Onto the next Core Architecture. MPLS.
1.1 Describe service provider architectures
1.1.a Core architectures (Metro Ethernet, MPLS, unified MPLS, SR)
Cisco service provider service delivery is basically based on MPLS. For that reason this is probably the more important concept to know about, but it will be hit on for basically every other point of the exam so I think they mean to understand it at a high level and be able to compare it to other technologies.
MPLS stands for Multi-Protocol Label Switching. It is an overlay technology which means it allows for traffic to be transported between two points on an underlying network that may be based on a different technology. MPLS is designed to support transporting multiple protocols, such as Ethernet, IP, TDM, or SONET.
Why might a Service Provider want to use MPLS? Using an overlay technology like MPLS overcomes most of the downsides of a Metro Ethernet platform as discussed in the last post. An ISP can use MPLS to create separate overlay paths for each customer service back to the core so there is none of the shared resource constraints of Ethernet. Also, MPLS running over a Cisco routed network allows us to use the IGP of our choice and deploy in Mesh or Ring typologies as needed. OSPF or ISIS are very traditional for this purpose. There are also several add on technologies such as Label Distribution Protocol (LDP) and Traffic Engineering (TE) that let the provider more simply operate the network and provide resiliency.
These are all pretty high level concepts for MPLS, but I think that’s the point of this exam topic. Cisco expects us to know why MPLS is better than Metro Ethernet in most cases. I will say there is one downside that still exists to this day which is cost. Generally speaking, MPLS capable hardware costs more than the comparable Metro Ethernet solution. In Cisco’s world a service provider MPLS network relies on ASR9000 and ASR900 series routers for the most part.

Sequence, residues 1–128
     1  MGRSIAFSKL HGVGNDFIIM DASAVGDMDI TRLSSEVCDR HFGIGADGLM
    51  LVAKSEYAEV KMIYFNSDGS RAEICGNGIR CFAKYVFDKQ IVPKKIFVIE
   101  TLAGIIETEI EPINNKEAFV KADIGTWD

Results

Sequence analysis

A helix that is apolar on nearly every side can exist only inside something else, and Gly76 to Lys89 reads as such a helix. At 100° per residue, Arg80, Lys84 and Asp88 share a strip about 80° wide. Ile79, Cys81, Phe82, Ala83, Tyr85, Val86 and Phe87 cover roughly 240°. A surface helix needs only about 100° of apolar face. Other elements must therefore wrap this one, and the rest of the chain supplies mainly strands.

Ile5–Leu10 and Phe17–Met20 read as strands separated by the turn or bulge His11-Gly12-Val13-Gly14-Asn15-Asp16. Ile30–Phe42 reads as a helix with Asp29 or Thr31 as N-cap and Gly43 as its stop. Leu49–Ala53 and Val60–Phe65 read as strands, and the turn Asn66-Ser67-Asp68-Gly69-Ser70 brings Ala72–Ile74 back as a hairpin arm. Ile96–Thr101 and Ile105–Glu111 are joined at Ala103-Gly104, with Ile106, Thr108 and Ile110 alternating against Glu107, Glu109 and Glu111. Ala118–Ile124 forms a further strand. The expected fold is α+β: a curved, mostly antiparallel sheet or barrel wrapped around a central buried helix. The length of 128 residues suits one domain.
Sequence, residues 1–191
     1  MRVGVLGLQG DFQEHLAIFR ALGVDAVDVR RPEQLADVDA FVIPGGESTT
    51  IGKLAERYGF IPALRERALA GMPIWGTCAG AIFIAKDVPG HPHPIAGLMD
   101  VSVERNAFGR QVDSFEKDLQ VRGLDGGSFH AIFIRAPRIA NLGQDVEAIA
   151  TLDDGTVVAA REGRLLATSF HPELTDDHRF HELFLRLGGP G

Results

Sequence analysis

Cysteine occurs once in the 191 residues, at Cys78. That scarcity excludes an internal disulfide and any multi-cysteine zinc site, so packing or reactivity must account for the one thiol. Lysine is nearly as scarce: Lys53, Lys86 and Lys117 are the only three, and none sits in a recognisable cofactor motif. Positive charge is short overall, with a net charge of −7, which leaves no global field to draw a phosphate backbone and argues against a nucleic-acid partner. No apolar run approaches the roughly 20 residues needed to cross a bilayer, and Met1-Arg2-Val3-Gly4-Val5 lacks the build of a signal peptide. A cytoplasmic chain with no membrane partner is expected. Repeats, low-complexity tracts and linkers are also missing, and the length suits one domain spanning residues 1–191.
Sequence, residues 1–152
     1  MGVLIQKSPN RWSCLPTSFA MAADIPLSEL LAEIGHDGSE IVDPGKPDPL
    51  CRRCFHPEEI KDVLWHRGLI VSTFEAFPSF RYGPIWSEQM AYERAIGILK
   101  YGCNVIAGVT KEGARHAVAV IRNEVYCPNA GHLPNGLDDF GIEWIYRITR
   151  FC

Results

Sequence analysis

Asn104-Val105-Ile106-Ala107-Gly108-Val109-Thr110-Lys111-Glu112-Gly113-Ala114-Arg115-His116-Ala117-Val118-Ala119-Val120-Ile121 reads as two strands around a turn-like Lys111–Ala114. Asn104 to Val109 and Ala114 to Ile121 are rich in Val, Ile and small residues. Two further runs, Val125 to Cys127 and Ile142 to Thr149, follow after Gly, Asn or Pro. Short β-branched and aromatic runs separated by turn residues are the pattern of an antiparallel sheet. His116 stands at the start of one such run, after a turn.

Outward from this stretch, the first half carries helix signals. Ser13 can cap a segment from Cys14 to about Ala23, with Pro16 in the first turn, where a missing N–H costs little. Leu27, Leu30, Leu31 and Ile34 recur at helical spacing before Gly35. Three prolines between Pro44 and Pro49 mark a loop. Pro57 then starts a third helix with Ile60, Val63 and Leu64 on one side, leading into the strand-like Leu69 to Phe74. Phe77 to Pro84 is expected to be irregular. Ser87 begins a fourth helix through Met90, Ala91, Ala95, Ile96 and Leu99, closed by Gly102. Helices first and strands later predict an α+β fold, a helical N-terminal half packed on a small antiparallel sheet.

As a practical note, service providers probably wind up using a combination of MPLS and Metro Ethernet for end to end service delivery. MPLS runs to some point in the network where traffic is then handed to a Metro Ethernet platform for last mile delivery. Some providers do run MPLS all the way to the customer edge, but many stop at some higher aggregation point and use MPLS to segment Metro Ethernet networks to reasonable sizes.
The only key point to understand at this level is that MPLS packets are forwarded based on a label rather than an IP address or MAC Address. There are special ways in which routers forward MPLS packets which is similar to IP routing and Ethernet forwarding combined. The final important detail to know is that during the forwarding operation the router never even looks at the IP or Ethernet headers. In fact, the payload might not even have an IP or Ethernet header. The whole point is to forward only based on the label.
- Provider Edge Router (PE) – This is the router that sits closest to the customer equipment and is where the MPLS network stops.
- Provider Core Router (P) – Basically any other router within the provider network
- Customer Edge Router (CE) – Also just known as CPE, this is the customer side of the connection
- Autonomous System Boundary Router (ASBR) – In traditional MPLS this is another place where the MPLS network stops. In unified MPLS you can transit these
- Route Reflector (RR) – BGP route reflector, to be studied in detail later
I am far from an expert on implementing MPLS (though I plan to be one by the time I take the exam). The points I have made here are a high level overview of what MPLS is and why service providers use it. I’ll follow up this post with the rest of 1.1.a to discuss unified MPLS and Segment Routing (SR).